In addition to its use for voluntary termination of pregnancy, mifepristone is regularly used, in combination with misoprostol, “as one of the most effective regimens for medication management of miscarriage – a use this decision ends for countless patients already struggling with the loss of a pregnancy,” Resneck explained. “Prohibiting access to mifepristone would force patients to consider using a higher dosage of misoprostol on its own, which is a less effective treatment.”
There is no evidence that people are harmed by having access to the safe and effective medication, Resneck added. "To the contrary, there is substantial evidence that the denial of needed abortion care without justification carries a psychological, physical and economic toll. For people who do not have access to procedural abortion or adequate medical facilities, there may be no other options to obtain critically needed care,” he said.
Data show an association between restricted access to safe and legal abortion and higher rates of maternal morbidity and mortality, with already vulnerable populations experiencing the greatest burden, according to Resneck. “Reduced access to mifepristone will almost certainly exacerbate the maternal mortality crisis in places that do not have access to this medication.”
State legislatures have also made efforts to limit access mifepristone, and the AMA believes that FDA regulations should supersede state law.
Ilisa Bernstein, Pharm.D., J.D., interim executive vice president and CEO of the American Pharmacists Association, said the nation’s pharmacists “stand behind the FDA review and approval process that relies on evidence-based expert review to establish the safety and efficacy of marketed drugs.”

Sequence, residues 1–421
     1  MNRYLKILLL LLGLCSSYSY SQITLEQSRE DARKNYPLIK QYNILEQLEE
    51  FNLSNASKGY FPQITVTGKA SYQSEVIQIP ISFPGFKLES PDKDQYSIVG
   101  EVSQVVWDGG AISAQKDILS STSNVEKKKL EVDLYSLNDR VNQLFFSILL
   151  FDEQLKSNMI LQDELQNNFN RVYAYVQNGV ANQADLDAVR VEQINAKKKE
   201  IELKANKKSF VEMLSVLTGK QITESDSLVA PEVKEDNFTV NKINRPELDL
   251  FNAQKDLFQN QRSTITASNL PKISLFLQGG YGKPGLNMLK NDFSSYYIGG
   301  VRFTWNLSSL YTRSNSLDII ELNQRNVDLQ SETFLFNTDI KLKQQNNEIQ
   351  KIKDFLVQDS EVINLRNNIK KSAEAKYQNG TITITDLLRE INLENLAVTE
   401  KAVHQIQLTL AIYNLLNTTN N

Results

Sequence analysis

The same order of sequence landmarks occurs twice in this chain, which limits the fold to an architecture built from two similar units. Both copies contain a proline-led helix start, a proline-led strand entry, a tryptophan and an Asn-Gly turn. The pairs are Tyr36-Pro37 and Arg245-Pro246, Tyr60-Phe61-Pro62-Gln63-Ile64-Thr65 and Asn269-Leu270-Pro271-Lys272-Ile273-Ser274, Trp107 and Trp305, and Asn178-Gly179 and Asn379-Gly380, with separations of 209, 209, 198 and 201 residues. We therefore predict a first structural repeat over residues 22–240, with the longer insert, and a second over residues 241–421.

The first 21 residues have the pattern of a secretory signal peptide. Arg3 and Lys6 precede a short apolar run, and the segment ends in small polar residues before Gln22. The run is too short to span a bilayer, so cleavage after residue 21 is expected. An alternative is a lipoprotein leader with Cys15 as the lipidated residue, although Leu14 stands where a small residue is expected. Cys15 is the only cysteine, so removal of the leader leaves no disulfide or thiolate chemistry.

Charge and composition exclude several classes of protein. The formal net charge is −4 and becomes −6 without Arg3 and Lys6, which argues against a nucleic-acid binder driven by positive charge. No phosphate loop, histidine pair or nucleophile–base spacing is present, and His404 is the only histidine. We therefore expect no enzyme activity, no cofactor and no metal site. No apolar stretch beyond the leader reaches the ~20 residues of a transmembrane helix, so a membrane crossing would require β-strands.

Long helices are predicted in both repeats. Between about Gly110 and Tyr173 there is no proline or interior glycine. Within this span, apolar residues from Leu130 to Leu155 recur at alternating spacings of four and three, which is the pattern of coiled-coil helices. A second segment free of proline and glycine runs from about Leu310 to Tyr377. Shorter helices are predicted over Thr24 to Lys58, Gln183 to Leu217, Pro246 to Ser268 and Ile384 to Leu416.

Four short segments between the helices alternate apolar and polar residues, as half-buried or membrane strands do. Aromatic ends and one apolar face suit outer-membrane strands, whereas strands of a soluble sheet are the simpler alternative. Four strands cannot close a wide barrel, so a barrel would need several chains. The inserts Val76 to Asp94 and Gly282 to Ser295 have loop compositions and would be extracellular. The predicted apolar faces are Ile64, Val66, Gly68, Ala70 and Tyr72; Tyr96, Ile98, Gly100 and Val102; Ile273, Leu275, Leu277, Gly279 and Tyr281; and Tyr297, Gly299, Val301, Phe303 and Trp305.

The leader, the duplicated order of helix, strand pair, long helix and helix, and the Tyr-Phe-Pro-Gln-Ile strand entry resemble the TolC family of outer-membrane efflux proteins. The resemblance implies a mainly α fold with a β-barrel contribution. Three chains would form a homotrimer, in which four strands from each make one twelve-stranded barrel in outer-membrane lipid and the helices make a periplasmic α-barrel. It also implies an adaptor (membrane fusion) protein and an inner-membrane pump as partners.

“The FDA gold standard for approval has been in place for nearly 120 years and is the basis for pharmacists’ trust and confidence in the medicines they recommend and dispense to patients. The Texas decision does not change this gold standard” Bernstein said in a press release on Friday. In addition, the ruling “only adds more confusion and complexity to an already complicated state and federal legal and regulatory landscape for pharmacists and patients related to mifepristone.”
Deirdre Schifeling, national political director of the American Civil Liberties Union, warned that the “devastating decision has the potential to compromise the ability of people to get abortion care in every state across the country.”
“Getting a judge to withdraw approval of mifepristone is just the next step in their larger plan to ban abortion in every state. If this decision is allowed to stand, it has frightening implications even beyond abortion and miscarriage care, including the ability of Americans to access any medication that some fringe group opposes on political grounds,” Schifeling added.